Although tampons tend to be one of the more common period products women use, many women are in search of alternative options, whether it be because they cost too much, they don't want to use plastic, or they're concerned about the environment. Luckily, if you're wondering what to use instead of tampons, there are a number of other options that work, and although some might sound surprising, experts say they can actually improve things for you during this part of your cycle. Many of these options are also much more natural and eco-friendly, and some can even help when you're stuck in a bind and don't have any menstrual products on hand.
If you currently use tampons, you're not alone — an estimated 70 percent of menstruating women use tampons. However, many women are starting to look for other options. "Women do not want to use ... chemical laden cotton or rayon knowing there is a connection to cancers and delicate tissue of their vaginas and other female anatomy," Dr. Elizabeth Trattner tells Bustle.
It's hard to know where to begin if you're not familiar with other products but there are a number of other options that although might seem different at first, can help with your period. Here are seven strange alternatives to tampons that actually work.
Sea sponges are perfectly suitable natural alternatives to tampons. "They are already hygienic, they’re fully biodegradable, and each sponge lasts around 3-6 cycles, so you can save a lot of money by investing in one," Caleb Backe, a health and wellness expert for Maple Holistics, tells Bustle.
Menstrual cups are also another good alternative, and they're growing in popularity. "One cup can be reused for up to 10 years," Dr. Mashfika N. Alam, an online doctor on icliniq tells Bustle. "However, they need to be cleaned properly after and before use." Although using a cup may take some getting used to, they are not as difficult to put in as you may think.
3Stacked Sterile Gauze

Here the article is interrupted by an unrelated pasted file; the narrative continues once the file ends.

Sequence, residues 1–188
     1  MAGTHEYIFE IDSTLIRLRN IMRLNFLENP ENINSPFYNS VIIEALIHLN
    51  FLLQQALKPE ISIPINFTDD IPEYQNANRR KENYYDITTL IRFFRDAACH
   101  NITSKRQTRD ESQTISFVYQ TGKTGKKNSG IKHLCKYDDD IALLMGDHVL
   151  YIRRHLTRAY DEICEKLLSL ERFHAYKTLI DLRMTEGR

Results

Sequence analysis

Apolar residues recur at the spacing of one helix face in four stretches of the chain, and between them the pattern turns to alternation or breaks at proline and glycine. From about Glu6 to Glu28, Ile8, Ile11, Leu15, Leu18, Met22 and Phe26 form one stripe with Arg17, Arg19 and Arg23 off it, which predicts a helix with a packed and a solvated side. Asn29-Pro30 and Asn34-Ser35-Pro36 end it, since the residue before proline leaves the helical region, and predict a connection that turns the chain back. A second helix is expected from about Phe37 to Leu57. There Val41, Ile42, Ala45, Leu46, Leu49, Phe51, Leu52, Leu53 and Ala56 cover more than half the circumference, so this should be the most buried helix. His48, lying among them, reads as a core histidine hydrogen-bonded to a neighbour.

Out of pads and need something in a pinch? Check that medicine cabinet for some gauze. "Sanitary/sterile gauze stacked into a multilayered sheet can be used," says Alam. "This is safe and hygienic, but needs to be replaced frequently."
"Interlabial pads are reusable, puffy-like pads held in place by the labia and or a velcro button on the other side," says Trattner. "Usually they have an eye-like shape to fit in between the labia and catch fluid." These can also be used for when a women has discharge or after intercourse.
"Menstrual discs do not plug the vagina like a tampon or menstrual cup because they sit in a different part of the body called the vaginal fornix, which is in the posterior part of the vagina," OB/GYN Jane van Dis, MD, medical advisor to FLEX, tells Bustle. "Menstrual discs like FLEX collect menses instead of absorbing them, like a tampon." Menstrual discs can be worn for up to 12 hours and they hold five times the amount of menses as a tampon. They also can be worn during sex and overnight.
You may have heard of period-friendly underwear such as Thinx and Kinxwear, and turns out, they actually work. "Although the idea of simply bleeding into your underwear may sound strange to many, the truth is that it’s a way more comfortable experience, and the garments are designed to help reduce the appearance of stains — a simple wash will do the trick —as well as neutralizing odors," says Backe.
If you're looking for something eco-friendly, try using a reusable cloth pad. They are applied just like regular pads, but rather than being made with plastic, they're made with reusable cotton. This can help you save money, cut down on waste, and help you avoid any unwanted chemicals.
They may not be your traditional period product, but these tampon alternatives can help you get through your menstrual cycle just as well.